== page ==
India, Tamil Nadu, Nagapattinam
Buddha with Hand in Gesture of Gift Giving (Varadamudra)
Chola period, 11th/12th century
78.7 x 34.0 x 25.4 cm (31 x 13 3/8 x 10 in.)
Samuel M. Nickerson Fund, 1940.83
Buddhism was founded in northeastern India (now Nepal) in the sixth century B.C. by a Hindu prince who sought to escape the endless cycle of death and rebirth that, according to his teachings, is determined by an individual's karma. He discovered that through meditation one could attain a state of enlightenment known as nirvana, or absolute bliss. He became known as Buddha Shakyamuni.
The Buddha can be recognized by his features, which include an ushnisha (prominent bump on the top of his head) and an urna (dot or mole on his forehead), signifying his extraordinary wisdom. Short hair and elongated earlobes represent his renunciation of the princely life in which long, beautiful hair and heavy earrings (which stretched the earlobes) were desired. Finally, mudras (hand gestures) signal his roles of teaching, meditating, protecting, and urging generosity. The last two mudras are evident in this bronze from south India—the Buddha's right hand is raised in abhaya mudra, a gesture of reassurance or protection, and his left is outstretched in varada mudra, a gesture of giving.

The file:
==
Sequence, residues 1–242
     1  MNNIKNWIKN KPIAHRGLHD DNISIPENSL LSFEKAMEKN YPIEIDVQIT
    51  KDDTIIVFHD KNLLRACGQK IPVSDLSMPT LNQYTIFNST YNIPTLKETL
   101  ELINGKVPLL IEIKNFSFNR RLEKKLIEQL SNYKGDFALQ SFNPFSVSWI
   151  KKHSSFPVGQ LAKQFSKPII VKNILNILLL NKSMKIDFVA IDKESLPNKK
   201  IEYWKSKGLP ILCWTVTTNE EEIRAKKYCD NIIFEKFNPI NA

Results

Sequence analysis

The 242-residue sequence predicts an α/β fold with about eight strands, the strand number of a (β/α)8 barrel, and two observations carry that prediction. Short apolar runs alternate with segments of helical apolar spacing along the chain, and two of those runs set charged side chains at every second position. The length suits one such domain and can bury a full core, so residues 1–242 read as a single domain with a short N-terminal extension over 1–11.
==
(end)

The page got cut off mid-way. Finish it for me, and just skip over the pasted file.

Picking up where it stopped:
The pointed flame atop the Buddha's ushnisha is a late development in the depiction of the Buddha, which came to India from Southeast Asia. A Buddhist text, the Lalitavistara, explains that a ray of light, the light of true knowledge, shines from the ushnisha when the Buddha is in a blissful state of enlightenment. The robe with scalloped folds at the hem is also a later convention, seen from the 12th century on. This work is one of about 35 Buddhist bronzes that were cast in the southern Indian port of Nagappattinam for a colony of Indonesian Buddhists living there.
Pakistan, North West Frontier Province, Gandharan region
The Birth and the First Seven Steps of the Buddha
Kushan period, c. 2nd/3rd century
27.3 x 52.1 x 10.8 cm (10 3/4 x 20 1/2 x 4 1/4 in.)
Samuel M. Nickerson Fund, 1923.315
This section of a deeply carved relief panel that once decorated the base of a stupa illustrates Buddha's birth and first seven steps, which established his spiritual authority over the universe. His mother, Maya, grasps the branch of a tree—a traditional posture of birthing. Her sister Mahaprajapati presses Maya's belly on the left side as the infant emerges miraculously from her right side and is received in swaddling cloth by the Hindu god Indra. Musical instruments float above them suggesting the jubilation that accompanied the event. All wear graceful robes and all (except Indra) wear anklets. Spanning the right side is a square pillar with an Indo-Corinthian capital, revealing the influence of Greco-Roman art on the art of ancient Gandhara.